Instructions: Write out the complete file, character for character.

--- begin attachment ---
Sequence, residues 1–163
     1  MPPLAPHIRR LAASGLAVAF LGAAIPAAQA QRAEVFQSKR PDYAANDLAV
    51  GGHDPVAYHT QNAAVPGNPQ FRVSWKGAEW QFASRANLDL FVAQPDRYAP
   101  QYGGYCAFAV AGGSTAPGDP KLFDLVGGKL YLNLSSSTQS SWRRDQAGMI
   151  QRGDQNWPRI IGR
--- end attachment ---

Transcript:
Sequence, residues 1–163
     1  MPPLAPHIRR LAASGLAVAF LGAAIPAAQA QRAEVFQSKR PDYAANDLAV
    51  GGHDPVAYHT QNAAVPGNPQ FRVSWKGAEW QFASRANLDL FVAQPDRYAP
   101  QYGGYCAFAV AGGSTAPGDP KLFDLVGGKL YLNLSSSTQS SWRRDQAGMI
   151  QRGDQNWPRI IGR